China moves to cool an overheated property market, sending stock prices lower

Recent economic improvements in China, including better-than-expected preliminary readings on monthly manufacturing activity, have emboldened the central bank to hike short-term interest rates, draining liquidity from lending markets. The government’s aim is to cool an overheated real estate market and limit the expansion of credit. In response to these moves, the Shanghai Stock Exchange “A Share” Market took a tumble during the past week.


We are lowering our estimate of third-quarter GDP growth from 2% to 1.8%, while keeping our fourth-quarter forecast at 2% until we can better determine the economic impact of the government shutdown. Growth looks better in 2014 if we make the twin assumptions that Washington will reach a more permanent fiscal and debt resolution and that the Fed’s tapering will be measured and somewhat delayed. At this point, we do not expect to see the Fed taper before late March 2014.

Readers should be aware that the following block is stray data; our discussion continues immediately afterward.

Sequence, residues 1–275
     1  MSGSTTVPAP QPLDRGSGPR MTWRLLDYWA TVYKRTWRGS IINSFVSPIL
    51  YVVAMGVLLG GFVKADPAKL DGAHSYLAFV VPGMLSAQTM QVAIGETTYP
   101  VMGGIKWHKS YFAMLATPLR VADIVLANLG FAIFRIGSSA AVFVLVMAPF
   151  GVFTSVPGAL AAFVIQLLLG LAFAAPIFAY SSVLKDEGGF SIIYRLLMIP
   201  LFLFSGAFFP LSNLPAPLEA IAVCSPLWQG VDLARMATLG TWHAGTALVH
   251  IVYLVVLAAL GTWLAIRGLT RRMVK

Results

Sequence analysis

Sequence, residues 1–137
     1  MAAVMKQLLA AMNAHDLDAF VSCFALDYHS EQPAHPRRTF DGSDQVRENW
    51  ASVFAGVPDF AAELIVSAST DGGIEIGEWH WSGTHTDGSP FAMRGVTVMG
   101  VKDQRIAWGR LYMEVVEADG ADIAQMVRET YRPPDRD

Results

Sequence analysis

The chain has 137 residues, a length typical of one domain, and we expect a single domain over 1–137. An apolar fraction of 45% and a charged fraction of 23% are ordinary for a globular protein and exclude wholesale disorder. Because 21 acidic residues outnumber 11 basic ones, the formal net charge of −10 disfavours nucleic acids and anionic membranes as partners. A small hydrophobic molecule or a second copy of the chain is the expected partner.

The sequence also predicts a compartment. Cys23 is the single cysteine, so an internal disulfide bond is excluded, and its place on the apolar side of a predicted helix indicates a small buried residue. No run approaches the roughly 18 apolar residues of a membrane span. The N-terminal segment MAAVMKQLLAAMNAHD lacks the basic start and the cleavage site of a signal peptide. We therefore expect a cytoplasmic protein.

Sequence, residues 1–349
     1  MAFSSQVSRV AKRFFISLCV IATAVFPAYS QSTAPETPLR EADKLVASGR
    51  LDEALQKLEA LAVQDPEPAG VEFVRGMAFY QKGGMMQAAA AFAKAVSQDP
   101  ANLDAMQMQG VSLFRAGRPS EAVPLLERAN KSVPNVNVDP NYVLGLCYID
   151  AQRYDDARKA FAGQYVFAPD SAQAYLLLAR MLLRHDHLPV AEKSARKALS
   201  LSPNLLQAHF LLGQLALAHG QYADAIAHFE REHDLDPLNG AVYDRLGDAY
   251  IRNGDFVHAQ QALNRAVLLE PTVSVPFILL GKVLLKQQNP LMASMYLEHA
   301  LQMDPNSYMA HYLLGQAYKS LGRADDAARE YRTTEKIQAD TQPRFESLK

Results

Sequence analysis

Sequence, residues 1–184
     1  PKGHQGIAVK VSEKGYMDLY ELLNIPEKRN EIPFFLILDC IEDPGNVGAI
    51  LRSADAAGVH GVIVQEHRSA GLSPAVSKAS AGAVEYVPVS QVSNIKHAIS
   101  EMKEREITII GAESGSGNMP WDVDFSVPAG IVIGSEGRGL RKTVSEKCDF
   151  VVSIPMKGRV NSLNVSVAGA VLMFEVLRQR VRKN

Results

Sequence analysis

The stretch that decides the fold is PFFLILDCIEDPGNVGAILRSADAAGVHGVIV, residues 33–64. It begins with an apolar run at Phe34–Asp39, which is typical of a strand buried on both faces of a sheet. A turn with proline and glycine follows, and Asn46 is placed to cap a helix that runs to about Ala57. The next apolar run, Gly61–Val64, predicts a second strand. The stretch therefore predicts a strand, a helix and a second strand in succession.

In equity markets, we believe the S&P 500 has the potential to reach or exceed 1800 this year. That said, we would not be surprised to see a near-term correction, given elevated levels of investor optimism. More than 90% of S&P 500 companies are currently trading above their 50-day moving average, indicating an overextended market. A bullish view is supported, however, by longer-term sentiment measures that remain skeptical of this market. Among Wall Street strategists, for example, allocations to equities remain at the low end of their range, based on Bank of America Merrill Lynch surveys, while hedge funds’ net exposures to equities are still less than 50%.

Meanwhile, weak economic data combined with strong corporate earnings has created an ideal environment for fixed-income investing. Barring any exogenous shocks or unexpectedly robust economic releases, bonds appear poised for a continued rally into year-end.